Obviously, this flight is not a good idea if you suffer from vertigo. And with the bright morning sun glaring in our face, the images looking east were backlit, but when we turned west, One World Trade Center shone gloriously at us. It’s also a good marker of altitude; the tower is 1,776 feet, so you need only look at it to judge your height.

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A westbound look over Manhattan and New Jersey.

If you’re not taking a video camera, or a video-capable still camera, you can have your phone strapped to your harness in a special holder with a convenient handle. (Selfie sticks are not allowed on board.) I’m pretty sure the video I shot on my phone looks like every other video of One World Trade Center ever made from a helicopter by a non-pro, but I was too busy being in AvGeek heaven to think about art.

And precisely because this was an AvGeek flight, we turned west towards Teterboro Airport (TEB), which serves private aviation, mostly business jets. And business jets is what we found — many more than TEB can host in the usual manner, parked side by side on the tarmac.

For an airport, that is a good problem to have, one that Teterboro solves creatively…

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very creatively. Don’t you hate it when they block your Gulfstream with other planes?

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Extra AvGeek points if you can spot in the shot above the stylish Piaggio Avanti, the tiny but fast turboprop that’s currently the only passenger airplane made in Italy.

Bottom line

This is not a cheap thrill, but it’s worth it in spades and will make an amazing gift for any AvGeeks in your circle. It was the first doorless helicopter ride for me, but my companions, all repeat fliers, were every bit as enthusiastic as I was when we got back on terra firma.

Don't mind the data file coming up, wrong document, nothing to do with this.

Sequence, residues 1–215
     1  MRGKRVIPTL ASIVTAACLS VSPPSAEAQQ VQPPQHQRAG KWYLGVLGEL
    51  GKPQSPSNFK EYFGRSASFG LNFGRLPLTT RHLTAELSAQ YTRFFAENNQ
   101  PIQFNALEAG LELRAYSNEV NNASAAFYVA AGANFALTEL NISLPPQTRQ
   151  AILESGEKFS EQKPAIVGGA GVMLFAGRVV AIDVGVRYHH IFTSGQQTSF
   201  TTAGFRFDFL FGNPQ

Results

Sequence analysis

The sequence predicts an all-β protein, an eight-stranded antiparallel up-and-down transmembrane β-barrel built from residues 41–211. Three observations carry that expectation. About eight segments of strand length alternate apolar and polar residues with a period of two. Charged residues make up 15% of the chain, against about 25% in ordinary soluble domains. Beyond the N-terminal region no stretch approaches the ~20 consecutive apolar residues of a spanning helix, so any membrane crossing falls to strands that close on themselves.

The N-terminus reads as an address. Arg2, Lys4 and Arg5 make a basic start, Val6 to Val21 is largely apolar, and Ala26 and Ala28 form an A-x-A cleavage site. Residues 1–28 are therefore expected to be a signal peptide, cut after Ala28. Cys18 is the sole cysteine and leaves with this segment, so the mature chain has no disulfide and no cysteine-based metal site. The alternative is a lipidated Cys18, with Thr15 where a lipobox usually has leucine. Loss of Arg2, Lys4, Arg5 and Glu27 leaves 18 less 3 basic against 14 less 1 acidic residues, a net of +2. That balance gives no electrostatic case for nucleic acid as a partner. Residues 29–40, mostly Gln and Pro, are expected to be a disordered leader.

When I texted a photo of my feet hanging 1,500 feet over Manhattan to my family in Milan, my dad replied “I can feel the adrenalin from here!” and my brother texted back “Whoa, man!” followed by an unprintable, but enthusiastic, Italian expression of awe. That’s the reaction you can expect from your friends and family as well.

The good news is that you get a 40% discount on repeat flights, so I purchased two $499 “NYC Classic” 30-minute flights over the city for $598 altogether and plan to take someone up with me next time.

FlyNYON doesn’t suspend its activity in the colder months, but doorless choppers are, if you ask me, an April-to-November sport in New York City. During our flight, a balmy 70F on the ground became a fairly cold experience up in the air: I definitely needed the hat and gloves I brought.

Also, come prepared: you can’t change lenses or batteries in flight, because any dropped item becomes a deadly projectile. I took with me a wide angle to telephoto zoom on one camera, a long 500mm zoom on another for airplane closeups, and my phone for backup and selfies — a setup I found to be perfect.

A previous version of this story misidentified the helicopter as a Eurocopter AS355. It is in fact an A350. The story has been corrected.

All images by the author.